• By Shawn Bishop, Communications Specialist

Left Untreated, Hypercalcemia Can Lead to Health Problems

December 2, 2011

Left Untreated, Hypercalcemia Can Lead to Health Problems

December 2, 2011

Dear Mayo Clinic:

A recent blood test showed that I have mild hypercalcemia. What could cause this? Is it a serious condition?

Answer:

When blood contains too much calcium, the condition is called hypercalcemia. Most often, the cause is a problem with the parathyroid glands and the hormone they produce. You should have this condition evaluated further. If left untreated, hypercalcemia can cause a variety of persistent symptoms and can lead to other health problems, including osteoporosis and kidney stones.

The body needs calcium to maintain bones. Calcium also plays an important role in the body's ability to contract muscles, release hormones and ensure that the nerves and brain work properly. High calcium levels in the blood, however, can interfere with these functions.

In some cases, a blood test result that shows mild hypercalcemia can be attributed to dehydration or to a blood sample that was taken when the person was not fasting. Also, eating or drinking foods or supplements with calcium or vitamin D just before a blood test can cause blood calcium levels to rise. If you haven't already done so, have the blood test repeated. If your calcium level is normal in the second test, one of these causes likely was responsible for the first abnormal result, and no treatment is needed.

If a repeat blood test still shows mild hypercalcemia, more investigation is needed. Although many conditions can cause hypercalcemia — including some advanced cancers, other medical disorders, certain medications, and excessive use of calcium and vitamin D supplements — the most common cause in healthy people is primary hyperparathyroidism.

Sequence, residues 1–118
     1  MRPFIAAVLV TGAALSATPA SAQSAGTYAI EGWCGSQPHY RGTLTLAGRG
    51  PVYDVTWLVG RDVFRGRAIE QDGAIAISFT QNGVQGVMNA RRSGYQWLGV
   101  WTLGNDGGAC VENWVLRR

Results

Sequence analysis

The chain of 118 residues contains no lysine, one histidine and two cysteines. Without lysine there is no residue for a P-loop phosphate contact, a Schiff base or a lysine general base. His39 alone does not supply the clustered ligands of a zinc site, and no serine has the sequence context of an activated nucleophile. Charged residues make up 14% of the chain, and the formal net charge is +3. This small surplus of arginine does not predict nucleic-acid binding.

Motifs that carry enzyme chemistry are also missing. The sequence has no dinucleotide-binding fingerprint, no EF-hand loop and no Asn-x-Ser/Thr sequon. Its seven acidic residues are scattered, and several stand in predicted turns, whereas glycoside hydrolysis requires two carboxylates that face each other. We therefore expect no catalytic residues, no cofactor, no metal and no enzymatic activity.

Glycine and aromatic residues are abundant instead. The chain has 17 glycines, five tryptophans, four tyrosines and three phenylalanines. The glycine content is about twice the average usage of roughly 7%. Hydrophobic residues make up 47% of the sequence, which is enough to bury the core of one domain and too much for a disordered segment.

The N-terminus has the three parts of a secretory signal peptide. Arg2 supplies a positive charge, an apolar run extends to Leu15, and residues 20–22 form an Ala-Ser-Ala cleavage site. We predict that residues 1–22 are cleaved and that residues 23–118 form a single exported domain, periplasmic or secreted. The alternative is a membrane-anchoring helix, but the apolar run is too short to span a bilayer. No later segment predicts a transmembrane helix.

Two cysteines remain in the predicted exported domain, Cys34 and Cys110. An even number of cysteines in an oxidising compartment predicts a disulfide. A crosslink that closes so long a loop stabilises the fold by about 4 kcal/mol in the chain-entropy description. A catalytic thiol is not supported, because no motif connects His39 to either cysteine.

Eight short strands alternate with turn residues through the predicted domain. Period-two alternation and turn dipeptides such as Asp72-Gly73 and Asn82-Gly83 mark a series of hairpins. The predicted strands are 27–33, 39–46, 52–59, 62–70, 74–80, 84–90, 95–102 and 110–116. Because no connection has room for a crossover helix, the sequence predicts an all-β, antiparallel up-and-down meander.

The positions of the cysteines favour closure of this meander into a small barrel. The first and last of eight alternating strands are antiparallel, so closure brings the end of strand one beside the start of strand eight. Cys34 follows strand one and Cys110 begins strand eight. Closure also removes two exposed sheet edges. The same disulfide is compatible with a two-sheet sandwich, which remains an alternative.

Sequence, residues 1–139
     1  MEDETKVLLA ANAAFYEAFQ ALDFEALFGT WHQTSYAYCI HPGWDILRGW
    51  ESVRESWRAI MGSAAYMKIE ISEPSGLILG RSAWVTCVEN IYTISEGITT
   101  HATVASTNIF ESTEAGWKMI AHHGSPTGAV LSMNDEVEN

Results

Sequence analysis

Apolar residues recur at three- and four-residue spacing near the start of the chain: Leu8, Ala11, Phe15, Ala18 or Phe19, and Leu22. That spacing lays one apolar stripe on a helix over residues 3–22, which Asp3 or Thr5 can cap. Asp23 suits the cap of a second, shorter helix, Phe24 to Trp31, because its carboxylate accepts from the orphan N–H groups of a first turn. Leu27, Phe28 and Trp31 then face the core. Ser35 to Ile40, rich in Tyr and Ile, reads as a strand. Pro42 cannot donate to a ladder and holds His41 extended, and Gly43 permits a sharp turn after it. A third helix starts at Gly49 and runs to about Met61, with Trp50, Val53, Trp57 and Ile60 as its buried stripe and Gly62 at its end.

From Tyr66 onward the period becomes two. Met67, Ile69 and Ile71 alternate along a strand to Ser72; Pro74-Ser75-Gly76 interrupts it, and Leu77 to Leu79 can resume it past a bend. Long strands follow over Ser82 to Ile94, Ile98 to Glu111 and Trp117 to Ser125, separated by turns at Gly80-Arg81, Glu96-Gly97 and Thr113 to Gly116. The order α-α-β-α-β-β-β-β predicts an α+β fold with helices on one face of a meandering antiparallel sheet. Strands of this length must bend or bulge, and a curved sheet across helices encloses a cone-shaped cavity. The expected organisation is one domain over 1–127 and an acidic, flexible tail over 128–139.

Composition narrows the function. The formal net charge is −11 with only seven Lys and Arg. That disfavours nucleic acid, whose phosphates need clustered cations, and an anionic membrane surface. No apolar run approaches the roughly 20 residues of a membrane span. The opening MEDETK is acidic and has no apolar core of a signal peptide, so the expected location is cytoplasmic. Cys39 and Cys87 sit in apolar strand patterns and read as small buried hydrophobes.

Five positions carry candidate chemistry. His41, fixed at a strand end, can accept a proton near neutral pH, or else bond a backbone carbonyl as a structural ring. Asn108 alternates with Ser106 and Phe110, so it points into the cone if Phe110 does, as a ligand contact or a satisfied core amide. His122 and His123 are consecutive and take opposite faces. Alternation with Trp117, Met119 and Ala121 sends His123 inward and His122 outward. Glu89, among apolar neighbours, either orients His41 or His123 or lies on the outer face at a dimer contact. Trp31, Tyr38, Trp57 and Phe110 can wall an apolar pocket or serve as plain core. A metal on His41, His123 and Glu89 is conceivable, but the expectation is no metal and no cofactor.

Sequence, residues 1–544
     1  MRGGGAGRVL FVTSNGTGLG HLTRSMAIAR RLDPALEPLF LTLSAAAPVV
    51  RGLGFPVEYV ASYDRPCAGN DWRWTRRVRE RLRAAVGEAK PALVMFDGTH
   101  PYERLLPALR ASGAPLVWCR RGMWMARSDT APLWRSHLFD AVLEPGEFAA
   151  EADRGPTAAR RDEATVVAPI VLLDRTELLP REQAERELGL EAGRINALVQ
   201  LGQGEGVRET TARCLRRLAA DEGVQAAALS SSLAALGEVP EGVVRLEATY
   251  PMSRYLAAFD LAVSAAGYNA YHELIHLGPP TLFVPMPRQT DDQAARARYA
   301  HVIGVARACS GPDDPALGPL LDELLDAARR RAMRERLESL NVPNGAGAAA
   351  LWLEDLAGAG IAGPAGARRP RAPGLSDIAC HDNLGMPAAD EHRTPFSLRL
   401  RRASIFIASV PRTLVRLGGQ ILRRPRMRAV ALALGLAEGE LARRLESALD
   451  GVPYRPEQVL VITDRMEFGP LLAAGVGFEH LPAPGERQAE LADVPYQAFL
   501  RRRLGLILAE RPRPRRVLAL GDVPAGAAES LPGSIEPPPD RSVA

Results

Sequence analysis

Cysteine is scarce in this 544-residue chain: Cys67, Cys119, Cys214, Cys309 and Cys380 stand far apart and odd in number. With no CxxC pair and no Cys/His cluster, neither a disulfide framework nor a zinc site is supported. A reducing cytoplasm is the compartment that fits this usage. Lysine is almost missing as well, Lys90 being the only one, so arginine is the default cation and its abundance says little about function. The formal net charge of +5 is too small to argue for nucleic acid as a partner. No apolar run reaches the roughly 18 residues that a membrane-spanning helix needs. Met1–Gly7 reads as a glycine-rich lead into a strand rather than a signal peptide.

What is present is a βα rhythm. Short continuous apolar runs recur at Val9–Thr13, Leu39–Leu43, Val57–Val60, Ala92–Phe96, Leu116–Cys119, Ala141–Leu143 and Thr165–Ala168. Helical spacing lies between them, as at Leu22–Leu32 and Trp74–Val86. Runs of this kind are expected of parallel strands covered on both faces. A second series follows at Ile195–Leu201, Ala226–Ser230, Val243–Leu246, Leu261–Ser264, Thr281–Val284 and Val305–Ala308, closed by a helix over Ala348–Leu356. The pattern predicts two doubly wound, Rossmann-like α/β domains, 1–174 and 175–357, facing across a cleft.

Four parathyroid glands are located in the front of your neck, behind the thyroid gland. Parathyroid glands release parathyroid hormone that controls the level of calcium in the body. Usually when blood calcium levels fall, the parathyroid glands respond by releasing enough parathyroid hormone to return blood calcium to a normal level. The hormone raises calcium levels by triggering the release of calcium from the bones. When blood calcium levels are too high, the parathyroid glands normally produce less of this hormone. But sometimes one or more parathyroid glands produce more hormone than the body needs, leading to hypercalcemia.

Hypercalcemia can cause a variety of symptoms. The most common are fatigue, aches and pain in the muscles and joints, and problems with concentration or memory. If left untreated, hypercalcemia can lead to serious complications. For example, if the bones continue to release calcium into the blood, osteoporosis, a bone-thinning disease, can result. If urine contains too much calcium, crystals may form in the kidneys. Over time, these crystals may combine to form kidney stones.

Hypercalcemia caused by primary hyperparathyroidism may sometimes be successfully managed without surgery. If a person has lost bone mass or developed kidney stones due to excess blood calcium, those conditions can be treated. In most cases, osteoporosis caused by hypercalcemia is reversible after surgical cure of primary hyperparathyroidism. Mild hypercalcemia is sometimes simply observed and the blood calcium is monitored.

Surgery is needed if hypercalcemia caused by hyperparathyroidism becomes severe or cannot be controlled. Typically, only one of the glands is overproducing parathyroid hormone, and a doctor may recommend surgery to remove the affected gland. Prior to surgery, doctors can use a parathyroid scan to identify which gland is involved. After the gland is removed, the remaining parathyroid glands compensate for the missing one, and blood calcium returns to normal.

Talk to your doctor about the steps you should take next to address your abnormal blood calcium test result. In most cases, the cause of mild hypercalcemia can be readily identified and effectively treated.

— Bart Clarke, M.D., Endocrinology, Mayo Clinic, Rochester, Minn.

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